The theology of the desert fathers and ecotheology

So some early church fathers (the desert fathers) would use the wilderness as a place of retreat, where they would be free of human distractions and could focus on God. I was wondering if their theology could have relevance today, as an environmentalist ethic. Could we like them, see the wilderness not as a foe to be conquered, but as a place of peace, where God can be focused on?

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Yes, this is also the place I go to escape materialism and get closer to God’s Spiritual World. Jesus took any chance He could to go out into the desert, away from other people so that He could speak with God’s angels. This is where He was taught about HIs mission and the soft voices could not be heard in the town and around others. He went to the desert for revelation, not the synagogue. I would suggest following His example.

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The Desert Father’s seemed to remind me of an echo of Adam and Eve and their relationship with God in the Garden which was peaceful and meditative. I always find myself inspired by the Desert Fathers and monasticism altogether when it comes to prayer and spirituality.

Many contemporary Christian writers who focus on spiritual formation draw on the Desert Fathers and advocate silence and solitude in nature. Have you ever read Richard Foster, Dallas Willard, or Richard Rohr?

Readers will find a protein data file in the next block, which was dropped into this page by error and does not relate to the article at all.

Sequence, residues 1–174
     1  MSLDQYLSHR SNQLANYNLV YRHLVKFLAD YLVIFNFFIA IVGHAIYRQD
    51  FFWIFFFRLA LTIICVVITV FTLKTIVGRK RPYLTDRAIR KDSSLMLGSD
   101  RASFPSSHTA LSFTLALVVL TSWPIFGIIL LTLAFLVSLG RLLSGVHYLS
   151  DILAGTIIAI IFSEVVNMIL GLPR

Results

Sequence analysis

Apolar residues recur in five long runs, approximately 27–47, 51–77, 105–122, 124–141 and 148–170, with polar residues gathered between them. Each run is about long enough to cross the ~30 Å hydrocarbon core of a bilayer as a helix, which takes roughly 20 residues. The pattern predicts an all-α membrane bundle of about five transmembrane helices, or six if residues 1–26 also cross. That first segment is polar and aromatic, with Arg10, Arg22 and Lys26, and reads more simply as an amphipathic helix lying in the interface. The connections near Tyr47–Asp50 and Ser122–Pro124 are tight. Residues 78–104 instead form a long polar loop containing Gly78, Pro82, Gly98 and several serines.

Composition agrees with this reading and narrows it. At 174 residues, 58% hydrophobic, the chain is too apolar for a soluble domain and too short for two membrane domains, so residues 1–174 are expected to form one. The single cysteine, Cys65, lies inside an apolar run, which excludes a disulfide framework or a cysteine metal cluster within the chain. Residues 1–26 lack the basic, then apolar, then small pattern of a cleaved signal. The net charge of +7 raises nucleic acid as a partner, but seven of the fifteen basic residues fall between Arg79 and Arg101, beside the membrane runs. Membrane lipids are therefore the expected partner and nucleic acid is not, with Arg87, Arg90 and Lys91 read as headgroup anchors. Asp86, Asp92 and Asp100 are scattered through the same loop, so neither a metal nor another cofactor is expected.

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The “Celebration of Discipline” is a good book - and even though it’s been many years since I read it, I do recall having very well-grounded benefit from it. One of the thrusts of his message was that these things don’t automatically bring you closer to God. What they do is help clear away rubbish so that we become more sensitive, receptive, and ready to listen when God does speak.

[I tried reading Dallas Willard, but with less success - and the fault for lack of connection at the time may have been entirely mine. And I’ve only recently come to appreciate Rohr, while also keeping in mind that many have written him off. I don’t know if that is because of his mystic-minded critique of late western culture, or just because he’s too liberal on some social issues (likely either or both I guess, as we need very little ground for dismissal these days.) In any case it is somewhat enlightening for me to hear you mention those three in the same sentence. …the contemporary “trinity of mysticism” are they? Sorry. I guess I shouldn’t use the word ‘trinity’. But imagine the ensuing blood bath if I had capitalized it!]

Ha! Yeah, you got to be careful.